tl;dr – Should we discuss incorrect ideologies publicly?
In the little private utopia I have set up in my head (which is mostly modeled on Star Trek: The Next Generation), critical thinking & skepticism are universal values. While they don’t always lead to the same conclusions, they do tend to attenuate extremist attitudes – you can believe whatever you want to, but you bear in mind how far that idea is from what can be readily proven.
Ex: I believe that the US should be more socialist in how it taxes & reallocates funds, but I recognize that people who know way more about economics than I do are heavily divided on the issue, so I temper that belief. I couch my opinions in language that makes it clear that other positions are also valid & maybe I’m wrong.
In this utopia, everyone’s mental “immune system” is healthy & active, so we can really talk about *anything.* Even if some meme is particularly dangerous or insidious, a culture of doubt would tend to cripple dogma before it can get up to cruising speed, so you don’t get anyone who’s immune to a good argument.
1. People aren’t like that.
2. Culture isn’t like that.
Seductive ideologies (& ideas in general) are subject to greater reinforcement over time – a person who gets it into their heads that something is the case will see evidence for it everywhere & believe it harder over time. The perceived distance of such an idea from provability will lessen over time: “Of COURSE the US should be more socialist! Look at all this compelling (for me) evidence! I’m more certain every day that everyone who disagrees with me is an idiot!”
This leads to a feedback loop of the people farthest from that ideal of dispassionate skepticism being the most outspoken. This goes double for cultural biases, where consensus (which is often used as a heuristic for truth) colors everyone’s evaluation of the evidence from the outset.
Also, there’s “the backfire effect,” whereby incorrect beliefs are sometimes *strengthened* by conflicting data: www.dartmouth.edu/~nyhan/nyhan-reifler.pdf
So there are practical issues with my utopian ideal. That doesn’t necessarily mean that it’s the wrong approach, but that we can’t simply take it at face value as being superior – if brains suck more than the error allowed by the system, it would be a mistake to use it.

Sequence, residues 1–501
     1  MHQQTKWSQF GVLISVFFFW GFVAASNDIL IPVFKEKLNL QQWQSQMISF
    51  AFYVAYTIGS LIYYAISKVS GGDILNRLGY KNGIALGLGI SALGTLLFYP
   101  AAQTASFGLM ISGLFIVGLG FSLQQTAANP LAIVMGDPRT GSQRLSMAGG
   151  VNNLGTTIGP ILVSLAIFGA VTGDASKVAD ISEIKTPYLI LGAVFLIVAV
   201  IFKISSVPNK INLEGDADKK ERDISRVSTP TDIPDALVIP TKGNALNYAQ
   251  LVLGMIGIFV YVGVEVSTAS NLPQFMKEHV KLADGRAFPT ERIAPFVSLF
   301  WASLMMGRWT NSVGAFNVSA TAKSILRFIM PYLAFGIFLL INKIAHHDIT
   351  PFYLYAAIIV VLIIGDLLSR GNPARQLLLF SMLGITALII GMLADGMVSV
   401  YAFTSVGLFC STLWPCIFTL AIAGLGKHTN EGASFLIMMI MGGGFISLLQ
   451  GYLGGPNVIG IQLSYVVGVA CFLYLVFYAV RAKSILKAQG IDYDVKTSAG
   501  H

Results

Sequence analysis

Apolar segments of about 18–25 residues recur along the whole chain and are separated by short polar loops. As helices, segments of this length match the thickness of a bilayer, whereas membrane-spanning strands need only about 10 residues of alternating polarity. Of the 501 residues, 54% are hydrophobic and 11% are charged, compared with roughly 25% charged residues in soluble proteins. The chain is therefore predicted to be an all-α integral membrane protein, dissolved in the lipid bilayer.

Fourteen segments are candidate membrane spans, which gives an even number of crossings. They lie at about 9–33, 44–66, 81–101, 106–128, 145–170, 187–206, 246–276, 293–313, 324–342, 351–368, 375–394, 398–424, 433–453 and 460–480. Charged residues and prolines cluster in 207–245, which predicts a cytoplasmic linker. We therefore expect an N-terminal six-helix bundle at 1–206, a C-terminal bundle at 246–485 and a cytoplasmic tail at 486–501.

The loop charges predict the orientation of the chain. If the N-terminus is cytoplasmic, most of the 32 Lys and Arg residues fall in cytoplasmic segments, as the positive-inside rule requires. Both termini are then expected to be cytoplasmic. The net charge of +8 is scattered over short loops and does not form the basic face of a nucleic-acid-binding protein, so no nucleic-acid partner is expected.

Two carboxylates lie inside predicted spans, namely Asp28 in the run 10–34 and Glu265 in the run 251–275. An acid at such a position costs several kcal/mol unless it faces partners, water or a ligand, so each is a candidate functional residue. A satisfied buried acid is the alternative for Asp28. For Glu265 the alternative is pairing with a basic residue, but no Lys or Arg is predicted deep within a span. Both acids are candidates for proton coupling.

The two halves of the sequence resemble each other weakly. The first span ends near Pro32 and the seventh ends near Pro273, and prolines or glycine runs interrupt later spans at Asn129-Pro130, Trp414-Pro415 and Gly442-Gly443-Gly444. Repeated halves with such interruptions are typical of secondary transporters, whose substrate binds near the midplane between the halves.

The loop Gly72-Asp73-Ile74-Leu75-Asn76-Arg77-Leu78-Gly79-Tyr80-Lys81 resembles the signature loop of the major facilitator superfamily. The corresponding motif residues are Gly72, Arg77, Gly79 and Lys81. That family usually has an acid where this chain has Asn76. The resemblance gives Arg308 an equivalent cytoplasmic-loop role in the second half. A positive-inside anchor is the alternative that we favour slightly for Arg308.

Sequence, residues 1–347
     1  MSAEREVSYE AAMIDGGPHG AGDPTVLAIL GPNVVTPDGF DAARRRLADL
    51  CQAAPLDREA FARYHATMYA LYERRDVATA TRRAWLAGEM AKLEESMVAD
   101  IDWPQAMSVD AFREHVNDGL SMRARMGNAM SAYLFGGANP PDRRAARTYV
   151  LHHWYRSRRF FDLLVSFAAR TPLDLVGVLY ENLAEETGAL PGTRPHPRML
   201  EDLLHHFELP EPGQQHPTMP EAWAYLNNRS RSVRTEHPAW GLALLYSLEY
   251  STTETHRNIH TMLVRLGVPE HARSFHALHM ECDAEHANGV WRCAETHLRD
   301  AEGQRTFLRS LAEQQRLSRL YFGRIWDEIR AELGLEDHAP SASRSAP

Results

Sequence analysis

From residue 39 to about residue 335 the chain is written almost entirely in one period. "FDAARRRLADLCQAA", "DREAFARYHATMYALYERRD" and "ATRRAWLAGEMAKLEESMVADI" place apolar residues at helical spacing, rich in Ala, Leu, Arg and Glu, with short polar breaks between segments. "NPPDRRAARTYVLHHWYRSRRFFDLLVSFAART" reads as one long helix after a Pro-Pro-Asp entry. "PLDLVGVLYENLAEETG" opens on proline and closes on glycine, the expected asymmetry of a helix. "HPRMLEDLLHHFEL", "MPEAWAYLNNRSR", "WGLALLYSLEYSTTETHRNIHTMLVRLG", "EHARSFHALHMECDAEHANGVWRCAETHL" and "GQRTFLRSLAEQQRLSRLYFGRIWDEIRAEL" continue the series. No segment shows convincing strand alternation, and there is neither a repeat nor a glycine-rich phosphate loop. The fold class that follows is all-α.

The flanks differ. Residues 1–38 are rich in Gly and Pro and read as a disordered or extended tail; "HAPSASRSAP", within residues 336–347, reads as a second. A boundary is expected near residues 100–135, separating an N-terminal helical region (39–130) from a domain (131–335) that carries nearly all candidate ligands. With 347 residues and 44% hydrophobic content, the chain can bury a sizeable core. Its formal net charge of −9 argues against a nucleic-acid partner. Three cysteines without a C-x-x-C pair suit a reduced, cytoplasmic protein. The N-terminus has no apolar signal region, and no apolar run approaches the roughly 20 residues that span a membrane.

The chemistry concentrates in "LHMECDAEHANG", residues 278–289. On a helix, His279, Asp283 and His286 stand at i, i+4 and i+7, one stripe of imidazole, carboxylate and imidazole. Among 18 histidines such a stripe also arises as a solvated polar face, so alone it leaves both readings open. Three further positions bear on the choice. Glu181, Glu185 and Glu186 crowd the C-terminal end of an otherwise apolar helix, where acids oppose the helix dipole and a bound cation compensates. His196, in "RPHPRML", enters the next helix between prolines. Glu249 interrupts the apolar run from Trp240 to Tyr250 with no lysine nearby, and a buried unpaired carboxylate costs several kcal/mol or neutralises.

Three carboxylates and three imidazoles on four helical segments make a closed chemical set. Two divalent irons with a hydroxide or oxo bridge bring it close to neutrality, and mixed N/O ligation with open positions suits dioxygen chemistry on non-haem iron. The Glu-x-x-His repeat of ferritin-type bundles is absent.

There are people who think we ought not discuss racist ideologies publicly because this normalizes them, that we should use shame & taboo to shape what sorts of discourse occur in public, to stigmatize racism & the “alt-right” white supremacy movement.
On the one hand, disallowing topics is antithetical to my ideal, & in my perfect world it’d be counterproductive – racism isn’t supported by the evidence, & arguing publicly why it’s both factually inaccurate & undesirable would result in more people being convinced of the correct conclusion. Result: less racism & a better cultural sensitivity to incorrect racist arguments. Even in our imperfect world, there are people who believe racist things who can be convinced of their incorrectness with evidence, & shushing all public discourse just means they won’t be granted that evidence.
On the other hand, brains suck, & there’s a demonstrable cultural bias regarding race. People are prone to believe wrong things about racism, & people don’t buy into racist ideologies because they’re totally unconvincing. Their flaws are subtle & often require a fair amount of numeric analysis to understand fully, which many people simply won’t do.
(Also, people suffer & die because of widespread incorrect ideologies, and that’s bad.)
SOME DATA POINTS
There’s an (unproven!) sentiment that this is exactly what went wrong with climate change & vaccines – by allowing crazy people to speak publicly about their incorrect (but convincing) memes, even in the service of disproving those memes, we caused them to spread.
There’s an (unproven!) sentiment that one reason Donald Trump was elected president was because he demolished the PC culture the DNC had used as a weapon (in precisely the manner described above), that there were a group of Americans who no longer felt included in the national dialogue because many of their beliefs had been disallowed from public speech.
The backfire effect (www.dartmouth.edu/~nyhan/nyhan-reifler.pdf) is a proven thing.
It’s possible that memes of anti-science/anti-evidence/anti-critical thinking can spread this way.
I want to get to a point where my ideal of a critical-thinking society is realized; is rendering certain ideologies “off-limits” for public discourse better or worse for such?
Corollary: What is an acceptable moral cost for getting to a point where racism isn’t a thing anymore?